Linked by Thom Holwerda on Tue 22nd Sep 2009 15:34 UTC, submitted by google_ninja
Linux During the roundtable discussion at LinuxCon this year, Linus Torvalds made some pretty harsh remarks about the current state of the Linux kernel, calling it "huge and bloated", and that there is no plan in sight to solve the problem. At the same time, he also explained that he is very happy with the current development process of the kernel, and that his job has become much easier.
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Francis Kuntz
Member since:
2006-09-23

And Linux (or NetBSD/FreeBSD) runs terribly much better on my quad core home machine than OpenBSD ever will.

And OpenBSD have terribly less security holes than Linux.

You can bash OpenBSD for SMP performance, but they can do the same with security. OpenBSD is a pioneer with a lot of security features that has been implemented in other OSes few years after.

Reply Parent Score: 2

vivainio Member since:
2008-12-26


You can bash OpenBSD for SMP performance, but they can do the same with security. OpenBSD is a pioneer with a lot of security features that has been implemented in other OSes few years after.


Security is all about what applications you run, and how well the applications can be sandboxed.

Does OpenBSD have anything even close to SELinux, or is it just about using the old & bugfixed versions of the cherrypicked secure applications?

Reply Parent Score: 2

danieldk Member since:
2005-11-18

You can bash OpenBSD for SMP performance, but they can do the same with security. OpenBSD is a pioneer with a lot of security features that has been implemented in other OSes few years after.


Security, you mean the absence of a mandatory access control framework? Or even not a standardized kernel authorization framework like Linux and NetBSD (kauth) have had for years? I am a whole lot happier to use my webserver in a sandboxed SELinux or AppArmor environment, than on OpenBSD.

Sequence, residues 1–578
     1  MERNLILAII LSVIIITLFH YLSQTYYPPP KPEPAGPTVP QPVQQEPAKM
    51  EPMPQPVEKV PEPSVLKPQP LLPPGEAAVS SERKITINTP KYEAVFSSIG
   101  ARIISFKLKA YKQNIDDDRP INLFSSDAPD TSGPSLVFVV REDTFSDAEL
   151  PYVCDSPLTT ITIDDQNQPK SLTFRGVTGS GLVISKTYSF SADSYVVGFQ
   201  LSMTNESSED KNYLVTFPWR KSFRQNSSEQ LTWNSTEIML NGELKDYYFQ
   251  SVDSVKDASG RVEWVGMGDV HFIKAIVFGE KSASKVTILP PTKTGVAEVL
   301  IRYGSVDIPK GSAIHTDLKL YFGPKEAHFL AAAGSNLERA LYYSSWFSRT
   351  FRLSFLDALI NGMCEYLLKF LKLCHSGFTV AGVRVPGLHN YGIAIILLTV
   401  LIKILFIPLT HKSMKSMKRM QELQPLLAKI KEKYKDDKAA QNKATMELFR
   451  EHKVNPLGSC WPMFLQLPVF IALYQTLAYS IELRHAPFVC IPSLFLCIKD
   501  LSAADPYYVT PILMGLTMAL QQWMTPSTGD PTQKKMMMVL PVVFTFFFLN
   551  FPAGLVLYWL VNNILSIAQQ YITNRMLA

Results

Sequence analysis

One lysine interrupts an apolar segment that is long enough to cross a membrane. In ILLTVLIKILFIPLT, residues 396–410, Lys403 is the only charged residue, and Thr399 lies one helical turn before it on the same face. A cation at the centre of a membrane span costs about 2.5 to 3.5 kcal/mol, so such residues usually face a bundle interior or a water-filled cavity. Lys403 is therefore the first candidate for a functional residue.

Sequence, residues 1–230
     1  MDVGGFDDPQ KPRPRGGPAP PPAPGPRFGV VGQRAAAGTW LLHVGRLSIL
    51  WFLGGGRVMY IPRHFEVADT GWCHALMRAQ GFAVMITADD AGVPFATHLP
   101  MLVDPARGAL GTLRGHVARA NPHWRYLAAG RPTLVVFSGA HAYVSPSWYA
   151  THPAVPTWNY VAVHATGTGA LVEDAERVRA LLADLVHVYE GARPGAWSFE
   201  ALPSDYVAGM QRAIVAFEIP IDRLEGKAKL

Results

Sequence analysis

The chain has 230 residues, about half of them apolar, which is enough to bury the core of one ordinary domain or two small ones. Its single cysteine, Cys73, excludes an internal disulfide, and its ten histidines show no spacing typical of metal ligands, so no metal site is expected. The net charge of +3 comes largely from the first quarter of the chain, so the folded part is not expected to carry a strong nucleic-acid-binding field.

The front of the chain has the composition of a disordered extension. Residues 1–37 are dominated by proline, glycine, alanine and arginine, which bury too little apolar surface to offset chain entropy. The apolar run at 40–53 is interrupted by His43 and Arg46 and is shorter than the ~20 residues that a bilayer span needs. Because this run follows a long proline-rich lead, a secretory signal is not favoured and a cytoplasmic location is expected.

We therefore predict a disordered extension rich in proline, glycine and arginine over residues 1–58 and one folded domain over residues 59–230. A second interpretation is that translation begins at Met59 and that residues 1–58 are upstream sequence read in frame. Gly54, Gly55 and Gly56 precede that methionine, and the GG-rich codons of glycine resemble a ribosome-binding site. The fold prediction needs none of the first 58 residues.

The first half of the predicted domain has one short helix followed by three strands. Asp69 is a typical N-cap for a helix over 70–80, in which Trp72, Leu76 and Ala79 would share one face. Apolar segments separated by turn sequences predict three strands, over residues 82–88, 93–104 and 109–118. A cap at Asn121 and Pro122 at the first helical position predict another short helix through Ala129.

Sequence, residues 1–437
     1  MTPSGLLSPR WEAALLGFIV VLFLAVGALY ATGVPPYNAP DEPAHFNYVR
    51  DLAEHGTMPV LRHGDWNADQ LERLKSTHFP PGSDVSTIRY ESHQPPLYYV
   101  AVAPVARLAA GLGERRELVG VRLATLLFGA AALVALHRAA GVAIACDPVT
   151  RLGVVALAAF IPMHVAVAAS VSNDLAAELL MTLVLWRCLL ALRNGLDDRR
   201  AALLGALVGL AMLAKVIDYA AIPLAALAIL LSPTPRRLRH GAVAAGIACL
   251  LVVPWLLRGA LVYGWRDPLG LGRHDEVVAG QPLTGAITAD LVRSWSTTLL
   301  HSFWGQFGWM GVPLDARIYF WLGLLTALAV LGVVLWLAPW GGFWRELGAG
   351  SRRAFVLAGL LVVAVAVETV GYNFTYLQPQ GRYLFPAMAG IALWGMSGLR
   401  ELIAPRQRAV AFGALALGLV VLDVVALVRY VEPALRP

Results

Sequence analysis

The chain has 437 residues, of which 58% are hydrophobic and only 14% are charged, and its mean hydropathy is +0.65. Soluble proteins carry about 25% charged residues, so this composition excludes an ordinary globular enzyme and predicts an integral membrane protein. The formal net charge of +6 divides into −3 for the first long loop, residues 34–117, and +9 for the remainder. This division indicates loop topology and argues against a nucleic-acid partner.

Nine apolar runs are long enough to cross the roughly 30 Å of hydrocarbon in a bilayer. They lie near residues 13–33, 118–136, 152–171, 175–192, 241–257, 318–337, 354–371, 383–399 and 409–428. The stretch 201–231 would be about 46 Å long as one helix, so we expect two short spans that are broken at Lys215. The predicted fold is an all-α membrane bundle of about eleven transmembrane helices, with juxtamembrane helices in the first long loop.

You know, security is not only about disabling every service in the default install and doing a proper audit. Those things help, but other UNIXes have far more preventive security measures. And companies like Red Hat have been pushing the envelope a lot.

Reply Parent Score: 2

Francis Kuntz Member since:
2006-09-23


Security, you mean the absence of a mandatory access control framework? Or even not a standardized kernel authorization framework like Linux and NetBSD (kauth) have had for years? I am a whole lot happier to use my webserver in a sandboxed SELinux or AppArmor environment, than on OpenBSD.

You know, security is not only about disabling every service in the default install and doing a proper audit. Those things help, but other UNIXes have far more preventive security measures. And companies like Red Hat have been pushing the envelope a lot.

Yes, thats why OpenBSD is used at Defcon for the network infrastructure, it's because Linux and NetBSD are so more secure ...

You can put all security features you want like MAC, if your os is full of security holes, it won't change anything. Anyway features like MAC are usually so hard to put in place that they are never used.

OpenBSD implement things that make the OS less vulnerable for attack by design.

You know, security is not only about adding some new crazy new security features that nobody use. Those things *can* help, but OpenBSD have far more preventive security measures like auditing, W^X, modified malloc, network stack using randomization, ProPolice etc. And project like OpenBSD and its security gurus have been pushing the envelope a lot.

Some reading for you http://kerneltrap.org/OpenBSD/SELinux_vs_OpenBSDs_Default_Security

Reply Parent Score: 2